Saigon Bowl wraps up the Vietnamese experience on Federal

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In A Federal Case, I'll be eating my way up Federal Boulevard - south to north - within Denver city limits. I'll be skipping the national chains and per-scoop Chinese joints, but otherwise I'll report from every vinyl booth, walk-up window and bar stool where food is served. Here's the report on this week's stop...

Saigon Bowl (Dong Khanh) Restaurant in the Far East Center represents not only one of the city's best, but possibly the last Vietnamese restaurant on my quest for good food along Federal Boulevard. North of here, tacos, tortas and burritos make a resurgence, along with American burger joints, steakhouses and diners. I've eaten at so many Vietnamese places lately that I'm beginning to miss the call of the corn tortilla, but until I cross Alameda, I'm still going to wallow in the bright and fresh mounds of herbs; the deep, complex broths and sauces; and the nearly infinite variety possible in the simple combination of sweet, sour, salty and spicy that makes Vietnamese cuisine profoundly sophisticated while still grounded in humble roots.

See also: Bazaar things afoot at Celestial Chinese Bakery and Vinh Xuong Vietnamese Bakery

Take, for example, a cold duck and cabbage salad mounded in defiance of gravity and laced with basil and a few other crunchy salad standards (like -- in my mind -- completely useless slivers of cucumber). But deeply caramelized, melting bits of onion lurked beneath a layer of chopped peanuts, waiting to add French flavors of the deglazed sauté pan that turned the dish suddenly homey thanks to the onion's affinity for duck, that porkiest of birds. The dressing -- sweet and fishy -- coated my fingers as it soaked into the puffed rice crackers I used to build mini duck salad tostadas.

Despite several months of practice rolling various food items into lettuce leaves, my wife and I still have less dexterity than the average Vietnamese toddler, who by three or four years of age can probably roll tight cigars of noodle, pickled carrot, cilantro and the main item -- egg rolls, banh khot, grilled shrimp paste or what have you -- into what for me are wholly intractable lettuce leaves that always tear and split in just the wrong way. We selected grilled shrimp wrapped in thin slices of marinated beef as the star of our disheveled wraps. Perfectly charred but still tender from the marinade, the wrapped shrimp had so much savory character that they couldn't be defeated by my inept manhandling. I finally managed one passable roll that didn't unravel in my death grip or in my attempts to dip it in the bowl of delicately spiced nuoc cham. Even the simple bi cuon spring rolls provided a curious combination of shredded pork skin and toasted rice powder. The texture of the rubbery strands of skin coated in crunchy rice dust has no analogy in Western cooking. But texture aside, the flavors came together like fresh sausage: mildly meaty, toasty and earthy, rather than vivid with the garden freshness of typical spring rolls stuffed with lettuce, herbs and shrimp. All of west Denver must have shown up to send me off on the next leg of my journey with joy and energy; despite it being a Monday evening, Saigon Bowl was packed and hopping. Our waitress was even a little taken aback, remarking "busy, busy!" as she cleared the last of our plates. Maybe it was just a restless city getting out and about after a week of miserable flooding and forced seclusion, but I'm glad the night was celebratory, rather than shrouded in the awkward silence of an empty dining room.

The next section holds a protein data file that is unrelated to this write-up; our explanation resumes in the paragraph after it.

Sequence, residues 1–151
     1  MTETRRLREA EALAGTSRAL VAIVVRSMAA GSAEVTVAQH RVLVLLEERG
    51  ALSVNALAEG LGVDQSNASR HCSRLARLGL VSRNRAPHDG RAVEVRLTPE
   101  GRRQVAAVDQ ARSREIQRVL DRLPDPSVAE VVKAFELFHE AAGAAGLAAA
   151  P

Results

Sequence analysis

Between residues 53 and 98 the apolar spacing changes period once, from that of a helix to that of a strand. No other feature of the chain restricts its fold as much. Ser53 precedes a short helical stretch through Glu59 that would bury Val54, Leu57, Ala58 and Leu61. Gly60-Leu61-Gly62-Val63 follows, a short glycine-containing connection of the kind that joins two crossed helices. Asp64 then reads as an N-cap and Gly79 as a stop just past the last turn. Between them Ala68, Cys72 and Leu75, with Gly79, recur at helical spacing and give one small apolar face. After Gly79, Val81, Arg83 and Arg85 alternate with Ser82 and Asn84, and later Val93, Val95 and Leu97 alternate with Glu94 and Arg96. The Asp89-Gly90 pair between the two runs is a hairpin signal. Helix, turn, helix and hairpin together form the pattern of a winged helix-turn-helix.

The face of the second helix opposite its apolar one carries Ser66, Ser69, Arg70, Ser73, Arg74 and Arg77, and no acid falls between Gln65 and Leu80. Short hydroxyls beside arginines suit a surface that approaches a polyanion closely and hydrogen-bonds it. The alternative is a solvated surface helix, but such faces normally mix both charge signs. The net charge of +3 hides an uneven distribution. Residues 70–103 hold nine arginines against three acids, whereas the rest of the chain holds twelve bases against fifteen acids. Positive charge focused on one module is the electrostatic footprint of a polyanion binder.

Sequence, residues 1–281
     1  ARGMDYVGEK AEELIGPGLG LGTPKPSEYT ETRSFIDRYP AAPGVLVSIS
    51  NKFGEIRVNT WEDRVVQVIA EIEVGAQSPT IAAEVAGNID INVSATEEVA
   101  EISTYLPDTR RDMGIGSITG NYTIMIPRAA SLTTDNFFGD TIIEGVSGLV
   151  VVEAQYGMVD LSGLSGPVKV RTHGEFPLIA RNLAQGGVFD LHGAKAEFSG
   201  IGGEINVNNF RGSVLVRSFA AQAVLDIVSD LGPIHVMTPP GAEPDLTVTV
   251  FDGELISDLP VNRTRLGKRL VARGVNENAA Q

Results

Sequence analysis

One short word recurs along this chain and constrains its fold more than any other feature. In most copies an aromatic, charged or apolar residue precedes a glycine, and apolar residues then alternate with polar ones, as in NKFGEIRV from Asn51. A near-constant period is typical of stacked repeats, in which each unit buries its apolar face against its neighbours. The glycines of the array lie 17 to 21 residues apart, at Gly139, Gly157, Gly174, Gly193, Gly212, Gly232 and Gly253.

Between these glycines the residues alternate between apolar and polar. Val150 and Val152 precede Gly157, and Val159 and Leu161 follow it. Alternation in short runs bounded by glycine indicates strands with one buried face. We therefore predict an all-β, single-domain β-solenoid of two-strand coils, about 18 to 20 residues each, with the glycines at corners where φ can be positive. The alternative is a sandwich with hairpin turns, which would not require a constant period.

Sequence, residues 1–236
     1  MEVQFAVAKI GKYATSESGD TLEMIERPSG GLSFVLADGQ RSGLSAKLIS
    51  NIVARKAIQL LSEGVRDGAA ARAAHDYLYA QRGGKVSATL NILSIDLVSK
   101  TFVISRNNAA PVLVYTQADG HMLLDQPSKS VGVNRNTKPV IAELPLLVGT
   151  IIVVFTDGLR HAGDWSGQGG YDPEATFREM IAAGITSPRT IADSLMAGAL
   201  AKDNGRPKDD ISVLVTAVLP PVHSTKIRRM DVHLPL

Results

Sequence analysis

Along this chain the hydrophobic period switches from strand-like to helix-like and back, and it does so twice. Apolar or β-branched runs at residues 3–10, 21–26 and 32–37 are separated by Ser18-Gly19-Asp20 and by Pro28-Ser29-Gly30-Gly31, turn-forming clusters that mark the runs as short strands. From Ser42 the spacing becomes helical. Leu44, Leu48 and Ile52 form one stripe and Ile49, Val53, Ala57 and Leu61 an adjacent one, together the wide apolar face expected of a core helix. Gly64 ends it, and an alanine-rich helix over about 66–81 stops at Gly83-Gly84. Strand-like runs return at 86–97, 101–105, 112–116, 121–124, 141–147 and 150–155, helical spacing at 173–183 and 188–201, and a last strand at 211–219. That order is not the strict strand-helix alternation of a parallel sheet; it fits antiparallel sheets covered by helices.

Here are a few things that I will miss about the Vietnamese restaurants of South Federal: efficient service from waiters who materialize with trays food and beverages almost before you even order; the odds and ends of animals that take up little space on American menus --hocks, hearts, liver, tripe, blood, tendons and tongue; herbs and other greens whose names are seldom even translated into English but whose pungent, bitter and spicy notes keep the palate lively when sampling multiple dishes; cool and sweet smoothies whether tart, rich, earthy, tropical or just plain weird; fusion cuisine at its best -- the kind born of necessity and practicality. And one other thing: the genuine gratitude expressed by owners and hosts whose smiles show they appreciate every warm body who lays down a few dollars for food their kitchen has toiled over and perfected.

Things I won't miss? Sliced cucumber.

For more from our culinary trek down Federal, check out our entire A Federal Case archive.

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